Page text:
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LAO recommends ending college grant program for CA National Guard and Reserve

The California National Guard Education Assistance Award Program provides grants to members of the California National Guard and the State Military Reserve to go to private schools such as USC, pictured here, as well as state and community colleges and UC schools.
The California National Guard Education Assistance Award Program provides grants to members of the California National Guard and the State Military Reserve to go to private schools such as USC, pictured here, as well as state and community colleges and UC schools.
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The Legislative Analyst’s Office is advising the state legislature to not renew a college grant program for California National Guard and State Military Reserve soldiers when it expires in 2019.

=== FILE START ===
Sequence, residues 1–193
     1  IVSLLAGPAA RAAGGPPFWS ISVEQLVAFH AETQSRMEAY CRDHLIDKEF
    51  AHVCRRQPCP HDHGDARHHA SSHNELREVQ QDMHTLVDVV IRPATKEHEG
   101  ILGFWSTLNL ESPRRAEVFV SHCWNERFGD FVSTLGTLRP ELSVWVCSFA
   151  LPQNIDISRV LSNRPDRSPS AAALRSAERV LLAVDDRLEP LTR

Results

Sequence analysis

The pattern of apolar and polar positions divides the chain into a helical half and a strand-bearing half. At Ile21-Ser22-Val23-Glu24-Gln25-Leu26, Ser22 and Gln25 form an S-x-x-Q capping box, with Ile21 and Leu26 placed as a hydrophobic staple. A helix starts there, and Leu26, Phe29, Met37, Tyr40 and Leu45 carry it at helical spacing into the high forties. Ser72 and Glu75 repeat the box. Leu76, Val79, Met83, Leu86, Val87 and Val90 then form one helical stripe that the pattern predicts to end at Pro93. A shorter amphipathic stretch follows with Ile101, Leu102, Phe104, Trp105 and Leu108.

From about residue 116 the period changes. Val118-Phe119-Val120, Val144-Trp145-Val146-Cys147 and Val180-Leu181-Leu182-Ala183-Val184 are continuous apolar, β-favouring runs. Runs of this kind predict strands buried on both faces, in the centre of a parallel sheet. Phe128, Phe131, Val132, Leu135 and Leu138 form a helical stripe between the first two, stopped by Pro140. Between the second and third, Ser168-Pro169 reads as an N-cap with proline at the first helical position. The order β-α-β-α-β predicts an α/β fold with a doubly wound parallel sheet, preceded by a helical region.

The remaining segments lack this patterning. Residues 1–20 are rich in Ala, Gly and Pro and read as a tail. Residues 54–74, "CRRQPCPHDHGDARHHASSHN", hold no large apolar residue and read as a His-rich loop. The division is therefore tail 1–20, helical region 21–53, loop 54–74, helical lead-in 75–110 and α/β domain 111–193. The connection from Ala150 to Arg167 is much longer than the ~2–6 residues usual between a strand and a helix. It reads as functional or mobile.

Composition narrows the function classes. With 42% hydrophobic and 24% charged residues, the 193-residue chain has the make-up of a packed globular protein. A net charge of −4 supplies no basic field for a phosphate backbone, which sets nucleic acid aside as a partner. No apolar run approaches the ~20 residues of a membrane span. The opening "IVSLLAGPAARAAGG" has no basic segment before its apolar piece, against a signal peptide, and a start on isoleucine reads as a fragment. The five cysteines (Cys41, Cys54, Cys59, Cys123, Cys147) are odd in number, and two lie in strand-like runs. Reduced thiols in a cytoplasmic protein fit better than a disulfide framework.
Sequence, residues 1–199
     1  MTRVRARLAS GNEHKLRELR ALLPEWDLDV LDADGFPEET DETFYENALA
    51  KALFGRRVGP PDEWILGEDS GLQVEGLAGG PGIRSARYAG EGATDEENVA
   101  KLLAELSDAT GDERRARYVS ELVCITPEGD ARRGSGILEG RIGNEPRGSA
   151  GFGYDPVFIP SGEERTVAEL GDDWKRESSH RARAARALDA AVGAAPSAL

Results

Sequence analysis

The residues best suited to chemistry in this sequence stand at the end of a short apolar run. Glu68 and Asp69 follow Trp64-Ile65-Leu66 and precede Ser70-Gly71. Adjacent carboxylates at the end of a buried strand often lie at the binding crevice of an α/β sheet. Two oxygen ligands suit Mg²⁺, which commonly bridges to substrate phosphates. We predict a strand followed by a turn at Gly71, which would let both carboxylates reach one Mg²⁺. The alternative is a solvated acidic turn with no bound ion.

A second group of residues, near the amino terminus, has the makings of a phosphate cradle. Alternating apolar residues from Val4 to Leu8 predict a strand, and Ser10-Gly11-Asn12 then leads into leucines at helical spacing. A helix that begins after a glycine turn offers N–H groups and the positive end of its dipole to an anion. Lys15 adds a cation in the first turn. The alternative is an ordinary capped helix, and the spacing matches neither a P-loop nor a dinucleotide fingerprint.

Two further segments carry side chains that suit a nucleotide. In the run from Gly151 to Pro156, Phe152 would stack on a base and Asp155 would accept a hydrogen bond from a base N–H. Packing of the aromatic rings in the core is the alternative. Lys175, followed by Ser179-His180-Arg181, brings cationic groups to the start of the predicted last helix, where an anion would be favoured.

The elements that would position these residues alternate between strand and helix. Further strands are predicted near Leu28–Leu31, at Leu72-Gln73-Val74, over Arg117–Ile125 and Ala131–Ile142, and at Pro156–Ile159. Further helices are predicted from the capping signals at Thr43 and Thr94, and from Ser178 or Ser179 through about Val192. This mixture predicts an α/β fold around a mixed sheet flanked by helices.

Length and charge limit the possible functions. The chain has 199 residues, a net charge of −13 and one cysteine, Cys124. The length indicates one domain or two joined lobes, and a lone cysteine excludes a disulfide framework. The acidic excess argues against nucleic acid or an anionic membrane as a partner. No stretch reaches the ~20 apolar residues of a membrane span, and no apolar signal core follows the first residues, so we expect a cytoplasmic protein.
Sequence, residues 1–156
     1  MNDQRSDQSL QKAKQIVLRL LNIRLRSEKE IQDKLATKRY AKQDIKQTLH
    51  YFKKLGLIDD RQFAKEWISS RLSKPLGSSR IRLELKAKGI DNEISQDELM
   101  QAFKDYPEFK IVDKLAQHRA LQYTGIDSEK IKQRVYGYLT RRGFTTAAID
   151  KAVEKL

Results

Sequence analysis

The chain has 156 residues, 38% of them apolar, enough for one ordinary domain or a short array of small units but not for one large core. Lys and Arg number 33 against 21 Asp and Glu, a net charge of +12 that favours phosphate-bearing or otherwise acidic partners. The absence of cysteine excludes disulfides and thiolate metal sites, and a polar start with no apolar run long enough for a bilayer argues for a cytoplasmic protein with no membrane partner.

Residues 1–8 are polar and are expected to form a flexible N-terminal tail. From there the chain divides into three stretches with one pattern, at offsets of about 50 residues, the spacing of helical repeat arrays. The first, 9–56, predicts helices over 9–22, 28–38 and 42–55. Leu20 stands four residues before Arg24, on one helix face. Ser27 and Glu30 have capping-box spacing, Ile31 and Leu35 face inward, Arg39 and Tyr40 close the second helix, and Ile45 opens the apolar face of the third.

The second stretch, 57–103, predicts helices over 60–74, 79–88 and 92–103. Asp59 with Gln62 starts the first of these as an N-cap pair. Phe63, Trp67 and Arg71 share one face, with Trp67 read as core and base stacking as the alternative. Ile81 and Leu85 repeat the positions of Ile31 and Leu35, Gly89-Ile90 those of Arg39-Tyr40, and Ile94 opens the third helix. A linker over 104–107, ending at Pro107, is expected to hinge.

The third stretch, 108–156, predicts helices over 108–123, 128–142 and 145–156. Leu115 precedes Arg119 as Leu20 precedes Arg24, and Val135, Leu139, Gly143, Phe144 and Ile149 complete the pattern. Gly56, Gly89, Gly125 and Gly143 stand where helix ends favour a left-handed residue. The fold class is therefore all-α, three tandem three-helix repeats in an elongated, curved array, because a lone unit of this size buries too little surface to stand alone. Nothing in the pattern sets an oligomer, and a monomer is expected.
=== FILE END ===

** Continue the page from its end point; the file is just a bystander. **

The LAO report, released Tuesday, said the California Education Assistance Award Program isn't worth continuing because it has failed to achieve its goal of improving retention rates and because it can't verify whether it's meeting its goal of increasing college enrollment among Guard and Reserve members.

Each year the Assistance Award Program - which is separate from the federal Post-9/11 G.I. Bill - provides grants of anywhere from about $1,000 to $10,000 to several hundred Guardsmen and members of the State Military Reserve, according to the LAO. The program has an annual budget of $2.6 million.

The initiative provides funding to help Guard and Reserve soldiers pay for private universities, community and state colleges, and UC schools.

While the Assistance Award Program is supposed to help retain more soldiers in both organizations, the LAO found that retention rates are slightly lower for soldiers using the program than for those who did not.

The LAO report also found that the state doesn’t track enrollment rates among program participants, so there’s no way to know if it’s succeeding on that front.

The chair and vice chair of the State Assembly's Committee on Veterans Affairs were unavailable for comment.